Amidst the Chaos

These past two weeks have been insane for me, professionally, and personally. We had the JDRF Walk for my daughter, a spring concert, my eldest’s first communion, and, of course Mothers’ Day.

I held the cover reveal for Dare Me and dialed in on the last chapters of my Work In Progress. I’m two chapters out from what would be my 2015 title. Fingers crossed.

But amidst all this, last week, I got quite a surprise. For those of you who are members of my Facebook author page, you know the story. I apologize for the redundancy, but every good story bears repeating.

First, I posted this:

Received a tweet from a teacher this morning directing me to her review of Tap Out. Two things to love in her piece: 

1. That the kids WANTED to read the story.
2. That she read it AFTER they did. That takes courage with the content, but I applaud her for that.

Tap Out should not be the new literary standard, by any means, but as a gateway for readership… I’ll take it. Here’s the review.

Then, later on, I followed up with this post:

So the teacher who contacted me had another request after I responded to her tweet. Her class wanted to know the story of how Tap Out came to be. I had five minutes while I had lunch, so I typed the message below. 

She got back to me later in the day, thanking me for the message, as her students truly enjoyed the feedback and a moment with an author.
I am quite honestly the one who reveled the moment. To know your work has value, real, impacting value. Yeah, that’s what motivates me at 4 AM when I’d rather be sleeping.
Hope you all feel the same with the work you do:

(My message to the students):
Hey, Eric Devine here. So, my inspiration… I’m sure I have an articulate blog post on my site, but I can’t find it, so here’s the quick and dirty:

I teach in a school that had a number of students participating in MMA. I noticed them and realized that many had a similar background (impoverished, violent homes). I then considered what it would like to be one of them, but on an extreme level, where they had literally nothing, not even MMA as an outlet. What kind of life would that be?

Tony was born from that idea. I wanted a kid tough enough to withstand, but who has been beaten down long enough that he questions himself, what he can take and whether he should keep fighting.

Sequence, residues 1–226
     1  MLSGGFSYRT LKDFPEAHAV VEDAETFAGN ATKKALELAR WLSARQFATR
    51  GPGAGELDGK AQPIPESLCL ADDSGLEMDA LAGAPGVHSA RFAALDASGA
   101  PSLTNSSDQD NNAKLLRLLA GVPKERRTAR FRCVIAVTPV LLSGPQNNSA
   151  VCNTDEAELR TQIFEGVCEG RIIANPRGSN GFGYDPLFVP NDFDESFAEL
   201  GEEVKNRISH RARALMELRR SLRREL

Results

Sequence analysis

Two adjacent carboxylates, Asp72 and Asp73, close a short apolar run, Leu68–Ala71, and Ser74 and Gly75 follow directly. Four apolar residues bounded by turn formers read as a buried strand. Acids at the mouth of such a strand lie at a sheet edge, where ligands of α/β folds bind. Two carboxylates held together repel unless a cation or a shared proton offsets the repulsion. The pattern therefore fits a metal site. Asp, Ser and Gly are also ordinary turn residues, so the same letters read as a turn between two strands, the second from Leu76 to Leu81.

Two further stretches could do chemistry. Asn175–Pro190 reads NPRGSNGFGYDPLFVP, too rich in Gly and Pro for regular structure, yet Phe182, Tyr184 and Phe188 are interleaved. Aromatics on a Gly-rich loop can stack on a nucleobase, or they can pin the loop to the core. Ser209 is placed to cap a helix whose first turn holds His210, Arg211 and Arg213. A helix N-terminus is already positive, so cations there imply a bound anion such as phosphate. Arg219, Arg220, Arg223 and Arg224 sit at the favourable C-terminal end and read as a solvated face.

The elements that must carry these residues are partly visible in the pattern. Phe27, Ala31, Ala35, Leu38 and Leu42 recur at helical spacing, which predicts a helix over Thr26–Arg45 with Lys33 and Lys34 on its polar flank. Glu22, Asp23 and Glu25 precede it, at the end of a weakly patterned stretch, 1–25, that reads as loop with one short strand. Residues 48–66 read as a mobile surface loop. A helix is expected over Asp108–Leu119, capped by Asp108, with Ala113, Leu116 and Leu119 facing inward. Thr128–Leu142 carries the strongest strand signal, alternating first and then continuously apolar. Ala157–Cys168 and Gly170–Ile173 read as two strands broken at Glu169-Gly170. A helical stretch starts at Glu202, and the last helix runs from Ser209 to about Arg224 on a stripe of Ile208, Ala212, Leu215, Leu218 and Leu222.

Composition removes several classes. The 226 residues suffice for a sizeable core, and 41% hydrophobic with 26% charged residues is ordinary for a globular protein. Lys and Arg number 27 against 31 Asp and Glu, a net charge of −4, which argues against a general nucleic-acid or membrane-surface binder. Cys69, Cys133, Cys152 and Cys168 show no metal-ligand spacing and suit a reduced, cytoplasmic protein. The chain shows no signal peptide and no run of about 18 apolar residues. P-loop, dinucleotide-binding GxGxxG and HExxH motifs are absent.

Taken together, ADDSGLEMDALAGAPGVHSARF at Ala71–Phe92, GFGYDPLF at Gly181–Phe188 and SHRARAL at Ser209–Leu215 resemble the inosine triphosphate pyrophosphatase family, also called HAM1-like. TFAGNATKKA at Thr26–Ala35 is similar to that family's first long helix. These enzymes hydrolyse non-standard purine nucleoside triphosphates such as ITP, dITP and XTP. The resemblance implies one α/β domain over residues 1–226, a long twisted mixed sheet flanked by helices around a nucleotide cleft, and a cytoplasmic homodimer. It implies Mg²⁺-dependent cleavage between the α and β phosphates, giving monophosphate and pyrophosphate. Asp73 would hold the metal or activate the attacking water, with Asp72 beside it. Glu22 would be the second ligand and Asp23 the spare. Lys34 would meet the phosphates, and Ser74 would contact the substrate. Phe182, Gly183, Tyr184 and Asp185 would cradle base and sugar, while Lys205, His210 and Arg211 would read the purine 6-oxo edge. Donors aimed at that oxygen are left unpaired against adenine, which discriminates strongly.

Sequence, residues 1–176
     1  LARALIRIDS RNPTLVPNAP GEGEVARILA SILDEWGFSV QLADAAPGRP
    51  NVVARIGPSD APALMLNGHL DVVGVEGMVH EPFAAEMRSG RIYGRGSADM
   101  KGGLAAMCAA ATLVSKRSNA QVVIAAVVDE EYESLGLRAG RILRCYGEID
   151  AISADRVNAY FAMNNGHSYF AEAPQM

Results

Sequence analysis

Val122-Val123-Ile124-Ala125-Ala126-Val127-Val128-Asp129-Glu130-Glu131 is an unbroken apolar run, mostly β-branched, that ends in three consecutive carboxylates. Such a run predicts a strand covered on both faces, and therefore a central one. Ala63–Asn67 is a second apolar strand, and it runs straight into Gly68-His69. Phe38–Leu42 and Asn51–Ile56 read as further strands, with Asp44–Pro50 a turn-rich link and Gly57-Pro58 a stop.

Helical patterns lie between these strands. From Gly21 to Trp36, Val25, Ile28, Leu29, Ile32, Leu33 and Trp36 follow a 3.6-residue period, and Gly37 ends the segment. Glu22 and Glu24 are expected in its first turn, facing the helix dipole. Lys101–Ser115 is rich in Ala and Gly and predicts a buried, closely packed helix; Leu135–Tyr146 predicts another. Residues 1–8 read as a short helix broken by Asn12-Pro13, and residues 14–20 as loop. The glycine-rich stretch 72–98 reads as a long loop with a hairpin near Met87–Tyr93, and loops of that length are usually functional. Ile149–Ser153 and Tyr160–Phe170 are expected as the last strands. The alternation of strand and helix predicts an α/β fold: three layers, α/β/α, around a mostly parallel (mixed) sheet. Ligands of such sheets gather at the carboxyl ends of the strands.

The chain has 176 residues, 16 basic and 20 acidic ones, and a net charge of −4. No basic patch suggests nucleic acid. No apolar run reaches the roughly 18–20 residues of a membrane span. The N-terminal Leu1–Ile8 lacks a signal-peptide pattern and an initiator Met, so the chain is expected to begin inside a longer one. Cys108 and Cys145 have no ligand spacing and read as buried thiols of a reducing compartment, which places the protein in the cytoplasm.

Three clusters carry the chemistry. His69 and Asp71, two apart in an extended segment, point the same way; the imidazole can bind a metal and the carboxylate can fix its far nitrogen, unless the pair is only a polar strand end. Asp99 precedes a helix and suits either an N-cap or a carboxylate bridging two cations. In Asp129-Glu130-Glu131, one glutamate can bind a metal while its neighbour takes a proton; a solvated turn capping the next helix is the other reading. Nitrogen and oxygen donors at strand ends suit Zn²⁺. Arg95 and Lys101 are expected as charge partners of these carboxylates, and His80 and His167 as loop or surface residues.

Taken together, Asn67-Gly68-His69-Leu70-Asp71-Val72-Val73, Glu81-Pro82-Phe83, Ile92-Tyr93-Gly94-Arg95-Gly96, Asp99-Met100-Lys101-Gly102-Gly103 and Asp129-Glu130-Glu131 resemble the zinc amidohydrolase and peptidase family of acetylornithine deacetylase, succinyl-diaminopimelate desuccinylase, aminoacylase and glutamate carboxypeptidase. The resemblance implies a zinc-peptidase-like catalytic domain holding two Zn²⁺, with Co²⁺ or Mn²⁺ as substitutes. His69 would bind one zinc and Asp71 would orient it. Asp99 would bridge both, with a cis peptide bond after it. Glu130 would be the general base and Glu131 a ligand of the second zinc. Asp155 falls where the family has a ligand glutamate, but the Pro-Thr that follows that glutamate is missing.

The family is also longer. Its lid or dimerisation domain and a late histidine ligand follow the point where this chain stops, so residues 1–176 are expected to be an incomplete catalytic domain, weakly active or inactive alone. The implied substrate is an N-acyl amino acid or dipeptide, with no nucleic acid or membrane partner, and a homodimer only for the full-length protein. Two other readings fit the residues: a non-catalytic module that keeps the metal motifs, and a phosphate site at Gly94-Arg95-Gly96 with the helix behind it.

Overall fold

I’ve witnessed a lot of kids like Tony (male and female) who are good people, but for whom life has not been kind. Some turn out well; most do not. Therefore, I wanted a good kid who’s been given a raw deal to suffer as much as anyone could, in order to see which way he would go.

I can honestly say I did not realize how it would all shake out, but I am happy with the fact that Tony made some choices that do not sit well with people. That lets me know I made it authentic. Real life rarely sits well at all times with all people.

Tap Out is not a story of my life turned fiction. I have witnessed poverty and extreme violence and insanity, but secondhand. I am not Tony, but I love him for all his flaws, and for his humanity. Because in the end, I believe there is hope for him.

Later, I messaged the teacher and she told me that the students were so awestruck that they demanded she give them all printouts of my response. Unreal.

But it’s also so validating, because I meant every word of that response, and to receive such feedback made my day on so many levels. It’s a tough job, writing. You have to fully commit, and must expect nothing. I’m there. I live that life, in the very odd, isolated way it can often feel. But then there are these moments, when all of it is worth it.

Not because of the money. Not because of the accolades or critical praise. But because some kid, somewhere is reading. And he or she is reading my book. And he or she loves it.

I did that. And I get the opportunity to continue to do that. Yes, that is awesome. And I’ll rough the chaos for that moment of order, whenever it materializes.

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